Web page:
The basis for all church leadership is not in what we do, but in who we are. Jesus himself is of the royal line of David, he is king because of his family connection and he is King of kings because of his even stronger family connection as one person in the triune nature of the Most High.

A decorated family tree
Matthew 1:1-17 - 'This is the genealogy of Yahshua'...

Right at the beginning of the New Testament is a statement that should make us sit up and think about leadership. It's not about what Jesus would do during his three years of ministry, fundamentally it's all about who he is. And the same is surely true for us.

The foundation for any kind of church leader is who they are, not what they do. Jesus' claim to be the promised, anointed One is based on his inheritance. He is of the line of kingship, descended from David, not depending on conquest or appointment or influence through political manoeuvring. And he is descended from the father of the race, Abraham.

A greater line - As will become clear later during his three years of travelling and sharing the good news of the kingdom, he has a third line of relationship - with the Father and the Spirit. So he is of the kingly line through David,  of the chosen nation through Abraham, and has an inseparable presence as part of the triune nature of the Almighty. He could not come with a greater recommendation or from a higher source.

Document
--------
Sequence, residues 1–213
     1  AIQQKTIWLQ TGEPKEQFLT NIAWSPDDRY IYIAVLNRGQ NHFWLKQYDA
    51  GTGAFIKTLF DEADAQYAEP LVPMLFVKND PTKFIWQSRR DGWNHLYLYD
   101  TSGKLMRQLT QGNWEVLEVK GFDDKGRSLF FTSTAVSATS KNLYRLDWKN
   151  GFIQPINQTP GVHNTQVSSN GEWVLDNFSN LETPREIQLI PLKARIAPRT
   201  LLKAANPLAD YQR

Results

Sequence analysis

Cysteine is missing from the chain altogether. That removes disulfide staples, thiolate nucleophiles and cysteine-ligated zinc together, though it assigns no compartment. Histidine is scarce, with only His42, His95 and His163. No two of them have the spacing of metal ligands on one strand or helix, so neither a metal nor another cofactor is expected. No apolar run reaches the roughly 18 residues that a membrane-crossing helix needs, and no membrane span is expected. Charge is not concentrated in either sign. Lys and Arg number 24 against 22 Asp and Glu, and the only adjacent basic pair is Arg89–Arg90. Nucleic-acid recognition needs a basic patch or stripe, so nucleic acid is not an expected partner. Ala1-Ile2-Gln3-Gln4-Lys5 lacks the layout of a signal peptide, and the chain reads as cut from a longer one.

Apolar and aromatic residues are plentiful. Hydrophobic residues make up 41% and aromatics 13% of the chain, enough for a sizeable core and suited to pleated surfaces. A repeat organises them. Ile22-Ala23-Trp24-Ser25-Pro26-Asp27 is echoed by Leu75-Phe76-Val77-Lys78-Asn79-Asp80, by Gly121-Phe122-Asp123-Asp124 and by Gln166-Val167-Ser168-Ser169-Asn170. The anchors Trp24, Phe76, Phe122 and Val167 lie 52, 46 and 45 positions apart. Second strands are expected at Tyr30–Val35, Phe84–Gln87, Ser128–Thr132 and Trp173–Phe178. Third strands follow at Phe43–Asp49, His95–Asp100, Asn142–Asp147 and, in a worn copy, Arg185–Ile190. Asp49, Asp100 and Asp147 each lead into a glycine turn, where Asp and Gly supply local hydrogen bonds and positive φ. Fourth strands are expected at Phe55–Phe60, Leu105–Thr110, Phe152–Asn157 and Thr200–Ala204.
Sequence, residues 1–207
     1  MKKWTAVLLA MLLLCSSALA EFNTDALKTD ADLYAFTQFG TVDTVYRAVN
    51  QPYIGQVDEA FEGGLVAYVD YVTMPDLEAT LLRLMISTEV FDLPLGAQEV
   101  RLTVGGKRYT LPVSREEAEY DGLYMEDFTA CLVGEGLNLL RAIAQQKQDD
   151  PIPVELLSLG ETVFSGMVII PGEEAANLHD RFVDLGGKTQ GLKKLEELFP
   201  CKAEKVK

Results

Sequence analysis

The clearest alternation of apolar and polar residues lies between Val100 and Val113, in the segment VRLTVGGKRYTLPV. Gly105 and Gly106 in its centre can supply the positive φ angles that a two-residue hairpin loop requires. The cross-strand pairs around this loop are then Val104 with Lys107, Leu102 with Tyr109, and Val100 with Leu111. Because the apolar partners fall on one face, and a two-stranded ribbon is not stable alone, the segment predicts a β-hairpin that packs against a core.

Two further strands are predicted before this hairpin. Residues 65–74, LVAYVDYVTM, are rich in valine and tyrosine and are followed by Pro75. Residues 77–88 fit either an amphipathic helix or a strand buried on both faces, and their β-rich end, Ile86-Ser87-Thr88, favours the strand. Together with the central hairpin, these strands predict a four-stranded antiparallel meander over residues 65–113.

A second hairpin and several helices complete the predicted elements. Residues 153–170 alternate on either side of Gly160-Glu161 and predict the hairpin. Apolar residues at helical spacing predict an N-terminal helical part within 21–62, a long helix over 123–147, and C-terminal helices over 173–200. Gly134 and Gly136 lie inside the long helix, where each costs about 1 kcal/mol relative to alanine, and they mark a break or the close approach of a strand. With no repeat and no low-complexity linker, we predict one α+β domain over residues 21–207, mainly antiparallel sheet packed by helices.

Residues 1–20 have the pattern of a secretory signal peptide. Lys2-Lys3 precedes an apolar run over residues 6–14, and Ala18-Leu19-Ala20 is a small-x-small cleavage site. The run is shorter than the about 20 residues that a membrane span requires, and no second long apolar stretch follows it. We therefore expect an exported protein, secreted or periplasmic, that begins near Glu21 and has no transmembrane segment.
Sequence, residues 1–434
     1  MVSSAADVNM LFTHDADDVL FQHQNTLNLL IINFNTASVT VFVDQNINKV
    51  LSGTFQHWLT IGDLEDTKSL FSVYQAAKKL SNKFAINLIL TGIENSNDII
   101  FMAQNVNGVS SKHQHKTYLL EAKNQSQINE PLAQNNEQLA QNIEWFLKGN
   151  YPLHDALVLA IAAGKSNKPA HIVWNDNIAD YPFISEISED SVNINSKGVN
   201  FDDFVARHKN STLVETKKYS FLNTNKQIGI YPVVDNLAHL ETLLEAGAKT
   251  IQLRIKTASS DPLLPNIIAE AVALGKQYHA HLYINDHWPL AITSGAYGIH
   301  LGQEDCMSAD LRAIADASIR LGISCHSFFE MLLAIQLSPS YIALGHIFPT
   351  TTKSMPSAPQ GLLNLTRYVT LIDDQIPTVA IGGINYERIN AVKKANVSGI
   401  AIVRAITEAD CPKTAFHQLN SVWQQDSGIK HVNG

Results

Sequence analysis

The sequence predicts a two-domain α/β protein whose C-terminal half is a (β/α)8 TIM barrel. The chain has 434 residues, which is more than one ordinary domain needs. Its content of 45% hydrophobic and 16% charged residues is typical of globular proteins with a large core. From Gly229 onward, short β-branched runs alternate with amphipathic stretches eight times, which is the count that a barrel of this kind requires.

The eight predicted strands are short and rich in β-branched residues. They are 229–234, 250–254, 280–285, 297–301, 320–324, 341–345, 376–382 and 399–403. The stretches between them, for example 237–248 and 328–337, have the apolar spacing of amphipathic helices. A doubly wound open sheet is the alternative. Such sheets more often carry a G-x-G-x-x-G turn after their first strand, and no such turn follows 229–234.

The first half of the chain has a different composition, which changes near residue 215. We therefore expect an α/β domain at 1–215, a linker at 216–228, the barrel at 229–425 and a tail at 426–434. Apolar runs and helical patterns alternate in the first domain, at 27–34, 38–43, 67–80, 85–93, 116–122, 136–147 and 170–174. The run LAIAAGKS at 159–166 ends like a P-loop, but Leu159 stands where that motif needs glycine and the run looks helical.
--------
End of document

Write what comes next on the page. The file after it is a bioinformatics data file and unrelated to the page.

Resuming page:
But take note of some of the other characters in the genealogy. Abraham we've already noted, there is Isaac who prefigures the Son to be offered up by a loving heavenly Father, and he is of the line of Judah from which Judaea takes its name.

There is Rahab, a non-Jewish prostitute and her son Boaz who redeemed Ruth, and Solomon, the one who was wise enough to ask for wisdom. And last of all there is Joseph who was not Yahshua's father but who turned out to be a mere building contractor yet a great stepfather. No man was his ancestor except through a woman, Mary.

Let me repeat that. No man was Jesus' ancestor except through a woman. The entire male genealogy consists of nothing more than step-ancestors!